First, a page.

Danyang, Jiangsu

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County-level city
Danyang People's Square
Danyang People's Square
Danyang is located in Jiangsu
Location in Jiangsu
Coordinates: 32°00′00″N 119°35′10″E / 32.000°N 119.586°E / 32.000; 119.586Coordinates: 32°00′00″N 119°35′10″E / 32.000°N 119.586°E / 32.000; 119.586[1]
Country People's Republic of China
Province Jiangsu
Prefecture-level city Zhenjiang
Time zone China Standard (UTC+8)
Postal code 2123XX

Danyang (simplified Chinese: 丹阳; traditional Chinese: 丹陽; pinyin: Dānyáng) is a county-level city under the administration of Zhenjiang, Jiangsu province, China. However, it is actually located about halfway between Zhenjiang and Changzhou (however it is closer to Zhenjiang), and is easier to reach from Zhenjiang than Changzhou. During the Southern Dynasties it was the home town of the royal families of both the Southern Qi and Liang Dynasties. As a result, many of the emperors and princes of these royal families were buried here in elaborate tombs. Nowadays it is better known for its production of optical lenses used in sunglasses and eyeglasses. In 2012 Danyang received a new railway station, the North Station (Bei Zhan), on the Shanghai to Beijing high-speed railway line, making it possible to travel between Danyang and Shanghai's Hongqiao Station in only one hour and 10 minutes. There is also a new train station for regular rail service located in the downtown city center. Danyang has a total area of 1,059 km2 and a population of roughly 890,000. Danyang locals speak a dialect of Wu Chinese, and the city is on the linguistic borderline between Wu Chinese and Jianghuai Mandarin.


During the period of the four Southern Dynasties (Nan Chao) from 420 to 589 A.D. when China’s national capital was in Jiankang (modern Nanjing), Danyang was the hometown of the emperors of the Southern Qi (479-502) and Liang Dynasties (502-557), who were buried in the countryside outside the city. Today 11 of these Southern Dynasties imperial tombs can still be found to the east and northeast of the city. They are notable for their unique stone statues of mythical animals marking the sacred way (shen dao) leading to each imperial tomb.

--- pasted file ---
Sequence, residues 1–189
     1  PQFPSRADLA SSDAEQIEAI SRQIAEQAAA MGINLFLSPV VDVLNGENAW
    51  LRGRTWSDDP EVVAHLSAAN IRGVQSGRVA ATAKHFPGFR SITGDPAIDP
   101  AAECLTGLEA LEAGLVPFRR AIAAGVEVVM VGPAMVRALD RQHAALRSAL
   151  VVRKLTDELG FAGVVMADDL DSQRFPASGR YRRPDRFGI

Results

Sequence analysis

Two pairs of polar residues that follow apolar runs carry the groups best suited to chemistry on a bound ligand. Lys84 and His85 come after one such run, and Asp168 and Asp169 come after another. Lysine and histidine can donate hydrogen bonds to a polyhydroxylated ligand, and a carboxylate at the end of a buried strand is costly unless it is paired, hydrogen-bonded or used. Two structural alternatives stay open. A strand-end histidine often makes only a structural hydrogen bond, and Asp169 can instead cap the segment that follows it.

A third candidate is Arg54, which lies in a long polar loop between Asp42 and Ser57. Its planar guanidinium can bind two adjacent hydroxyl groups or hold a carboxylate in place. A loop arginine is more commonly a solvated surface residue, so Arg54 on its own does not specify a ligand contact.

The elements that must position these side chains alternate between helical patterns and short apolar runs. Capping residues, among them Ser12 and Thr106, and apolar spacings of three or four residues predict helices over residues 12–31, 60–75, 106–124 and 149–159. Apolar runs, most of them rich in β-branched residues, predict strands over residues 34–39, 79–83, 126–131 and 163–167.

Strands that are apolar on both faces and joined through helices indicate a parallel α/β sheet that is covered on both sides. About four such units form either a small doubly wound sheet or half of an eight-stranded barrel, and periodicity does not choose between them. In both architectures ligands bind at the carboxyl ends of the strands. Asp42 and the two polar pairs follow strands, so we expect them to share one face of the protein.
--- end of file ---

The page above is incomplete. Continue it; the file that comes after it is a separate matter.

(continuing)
As one of the key cities in the Yangtze River Delta open to foreign trade, Danyang has shown strong economic and standard-of-living growth since 2000. In 2007, the GDP and per capita GDP of Danyang reached 35.7 billion yuan ($4.7 billion USD) and 44,242 yuan ($6,061 USD) respectively. Danyang's economy was 16th in a 2010 ranking of China's top county-level cities.

Businesses from 32 countries and regions have invested in Danyang with accumulated paid-in capital of $1 billion USD. As a developing city within the Shanghai economic sphere of influence, Danyang has attracted domestic and foreign businesses. The main industries in Danyang are prescription eyewear, tools and hardware, and automobile parts.

Spectacles City[edit]

The Spectacles City, located in Danyang, is one of the largest eyeglass merchandise centers in China.[2] Built in 1986, the market center's construction occurred in three phases.[3] It subsequently merged with the Huayang Spectacles and Yunyang Spectacles markets. It covers an area of over 344,445 square feet (32,000 square meters).


Railway stations[edit]

There are three railway stations in Danyang:

The high-speed trains (typically, listed in schedules as G-series or D-series trains) take about an hour and a half[4] to get to Shanghai and about 30 minutes to get to Nanjing, the capital of Jiangsu Province, and the former national capital. Direct service to Beijing from Danyang North Station takes about 4 hours and 30 minutes.

Local food[edit]

Danyang is known for its barley gruel and huangjiu (yellow wine), which has traditional medicinal properties.

Notable people[edit]


  1. ^ Google (2014-07-02). "Danyang" (Map). Google Maps. Google. Retrieved 2014-07-02. 
  2. ^ "China’s Spectacles Market". HKTDC Research. Archived from the original on 29 November 2012. Retrieved 27 April 2016. 
  3. ^ "Danyang Glasses Market". EJet Trade Limited. Archived from the original on 24 April 2016. Retrieved 27 April 2016. 
  4. ^ "From Danyang to Shanghai". Travelchinaguide.com. Retrieved 2012-09-11. [permanent dead link]

External links[edit]